We find Jesus confronting the churches in Revelation 2-3 about some problems and the changes they need to make. He does it in a very effective way that we should imitate.

He starts with the church at Ephesus in Revelation 2:2-4: "I know thy works, and thy labour, and thy patience, and how thou canst not bear them which are evil: and how thou hast tried them which say they are apostles, and are not, and hast found them liars: And hast borne, and hast patience, and for my name's sake hast laboured, and hast not fainted. Nevertheless I have somewhat against thee."

He then goes on to tell them what needs to change. Now look at verses 12-14: "And to the angel at Pergamos write; These things saith he which hath the sharp sword with two edges; I know thy works, and where thou dwellest, even where Satan's seat is: and thou holdest fast my name, and hast not denied my faith, even in those days wherein Antipas was my faithful martyr, who was slain among you, where Satan dwelleth. But I have a few things against thee."

And again, He goes on to list the changes they need to make. Do you see Jesus' pattern? First He acknowledges all the good things they have done - He affirms them. Then He deals with the problems. Of course, this good pattern can also be abused. Don't do this with the attitude, "Well, I really appreciate all those things you did for me today... but let me tell you what's really bugging me...." That misses the mark.

However, you're on target when you consistently tell the people in your day-to-day life that you appreciate them and the good things they do for you. Then, when a problem surfaces and you confront them about a change that needs to be made, they are less likely to feel threatened. Go to them in love and they will have no reason to raise their walls in defense.

Defuse the Bomb!
But what if you're on the receiving end of the attack, like Bill? How can you avoid a no-win situation like we saw between Bill and Laura? God tells us in a nutshell: "A soft answer turneth away wrath" (Pro. 15:1).

I got a firsthand picture of this truth one day in a town meeting. The church I pastor was planning to open a downtown mission to feed the poor. So we attended a town meeting to discuss our plans with local government officials and citizens of that area. The city was really angry with us. They were sure that we were planning something that wasn't in the city or citizens' best interest. Our presence downtown threatened them because they imagined all the transients our mission would draw into their neighborhood.

I tried my best to communicate with them, but they just couldn't hear me. In fact, the more I talked, the angrier they became. Then it dawned on me... "A soft answer turneth away wrath."

"I'm sorry," I said. "I didn't realize the depth of your feelings in this. I want to assure you that we're not going to pursue the course of action that you're concerned about." Bang! It was like deflating a balloon. The situation turned around completely. By the time the meeting was over, people were telling us how glad they were to see us coming into the community. Today, they tell us how blessed they are to have us down there - even the crime rate has dropped to zip in that neighborhood.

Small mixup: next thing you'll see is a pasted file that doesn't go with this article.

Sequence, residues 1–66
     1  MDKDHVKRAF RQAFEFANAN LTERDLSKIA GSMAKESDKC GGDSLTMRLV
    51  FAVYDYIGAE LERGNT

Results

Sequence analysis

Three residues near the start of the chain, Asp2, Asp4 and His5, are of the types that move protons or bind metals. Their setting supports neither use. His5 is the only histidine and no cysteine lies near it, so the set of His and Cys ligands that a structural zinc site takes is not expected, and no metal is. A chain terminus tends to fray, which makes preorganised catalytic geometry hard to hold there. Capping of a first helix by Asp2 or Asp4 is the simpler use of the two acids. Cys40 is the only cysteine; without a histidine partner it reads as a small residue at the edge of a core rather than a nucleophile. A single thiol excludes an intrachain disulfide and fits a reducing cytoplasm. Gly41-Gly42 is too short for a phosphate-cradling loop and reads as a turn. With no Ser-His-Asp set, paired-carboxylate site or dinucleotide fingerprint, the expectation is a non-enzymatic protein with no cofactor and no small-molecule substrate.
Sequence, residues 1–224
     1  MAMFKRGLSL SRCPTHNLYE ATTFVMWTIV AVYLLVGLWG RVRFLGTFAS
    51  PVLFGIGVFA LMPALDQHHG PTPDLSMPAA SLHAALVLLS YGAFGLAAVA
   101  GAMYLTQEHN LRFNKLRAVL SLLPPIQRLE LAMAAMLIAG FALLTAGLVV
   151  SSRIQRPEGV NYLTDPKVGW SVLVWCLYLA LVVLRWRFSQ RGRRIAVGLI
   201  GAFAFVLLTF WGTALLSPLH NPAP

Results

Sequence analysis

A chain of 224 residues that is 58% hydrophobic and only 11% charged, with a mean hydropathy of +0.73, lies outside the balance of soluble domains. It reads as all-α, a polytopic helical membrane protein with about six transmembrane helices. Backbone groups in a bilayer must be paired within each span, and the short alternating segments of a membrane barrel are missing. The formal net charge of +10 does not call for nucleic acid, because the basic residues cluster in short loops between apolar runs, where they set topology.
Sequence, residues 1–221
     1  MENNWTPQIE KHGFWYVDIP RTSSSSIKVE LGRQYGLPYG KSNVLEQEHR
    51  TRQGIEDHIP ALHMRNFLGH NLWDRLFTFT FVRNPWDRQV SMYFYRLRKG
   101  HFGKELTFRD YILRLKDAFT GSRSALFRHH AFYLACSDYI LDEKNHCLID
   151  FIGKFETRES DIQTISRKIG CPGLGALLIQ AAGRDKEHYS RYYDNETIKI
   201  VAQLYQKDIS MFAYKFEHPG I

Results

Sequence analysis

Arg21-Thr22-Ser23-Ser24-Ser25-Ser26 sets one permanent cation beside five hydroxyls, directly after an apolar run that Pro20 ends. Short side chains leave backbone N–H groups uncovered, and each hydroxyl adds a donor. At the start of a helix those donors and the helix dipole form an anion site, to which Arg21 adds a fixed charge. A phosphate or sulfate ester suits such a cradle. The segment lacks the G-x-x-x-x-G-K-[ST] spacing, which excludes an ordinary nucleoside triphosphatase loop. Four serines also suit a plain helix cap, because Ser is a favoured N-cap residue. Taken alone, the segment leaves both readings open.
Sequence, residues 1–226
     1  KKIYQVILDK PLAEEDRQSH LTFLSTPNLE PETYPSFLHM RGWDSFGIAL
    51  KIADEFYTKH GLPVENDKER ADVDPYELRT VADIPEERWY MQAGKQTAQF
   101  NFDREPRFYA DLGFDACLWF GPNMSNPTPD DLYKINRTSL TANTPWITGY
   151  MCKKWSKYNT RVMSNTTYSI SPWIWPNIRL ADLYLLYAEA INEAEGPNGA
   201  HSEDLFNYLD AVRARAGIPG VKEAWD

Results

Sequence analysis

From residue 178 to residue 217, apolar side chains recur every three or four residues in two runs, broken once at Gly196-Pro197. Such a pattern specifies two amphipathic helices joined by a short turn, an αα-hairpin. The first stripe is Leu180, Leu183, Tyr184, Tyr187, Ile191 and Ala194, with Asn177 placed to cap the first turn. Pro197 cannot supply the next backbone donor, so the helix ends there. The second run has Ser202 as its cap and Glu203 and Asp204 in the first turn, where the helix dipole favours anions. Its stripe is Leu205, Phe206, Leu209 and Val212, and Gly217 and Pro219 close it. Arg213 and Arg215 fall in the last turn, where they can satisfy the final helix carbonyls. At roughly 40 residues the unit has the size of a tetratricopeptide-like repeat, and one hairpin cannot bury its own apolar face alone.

It started with a fierce attack... and ended with a soft answer. The issue boils down to this: Do you want to win the argument? Or do you want God's blessing and power to manifest in your relationships? If you want to avoid discord and divided relationships, then the next time you're on the receiving end of an attack in a conversation, allow God's Spirit to give you a soft answer. It will turn things around.

So that's the attack pattern. It's the Bill-and-Laura type of conversation that surfaces when there's a problem in a relationship. When you see that kind of conversation about to flare up, remember: Your goal is to speak the truth in love. Then...

Attack the problem, not the person - and you won't offend him. And if you're under attack, speak a soft word, and you'll defuse the bomb.

But don't wait for problems; start telling people today how much you appreciate them (and don't let up). Then they'll really hear you. God's Word says you're grown up (in Christ) when you can confront and not attack. It's the mark of a mature believer - and it's God's plan of communication for the body today.

Copyright © CFAITH All rights reserved.

Author Biography

Mac Hammond
Web site: Mac Hammond
Mac Hammond is senior pastor of Living Word Christian Center, a large and growing church in Brooklyn Park (a suburb of Minneapolis), Minnesota. He is the host of the Winner’s Minute, which is seen locally in the Minneapolis area and can also be viewed at He is also the host of the Winner’s Way broadcast and author of several internationally distributed books. Mac is broadly acclaimed for his ability to apply the principles of the Bible to practical situations and the challenges of daily living.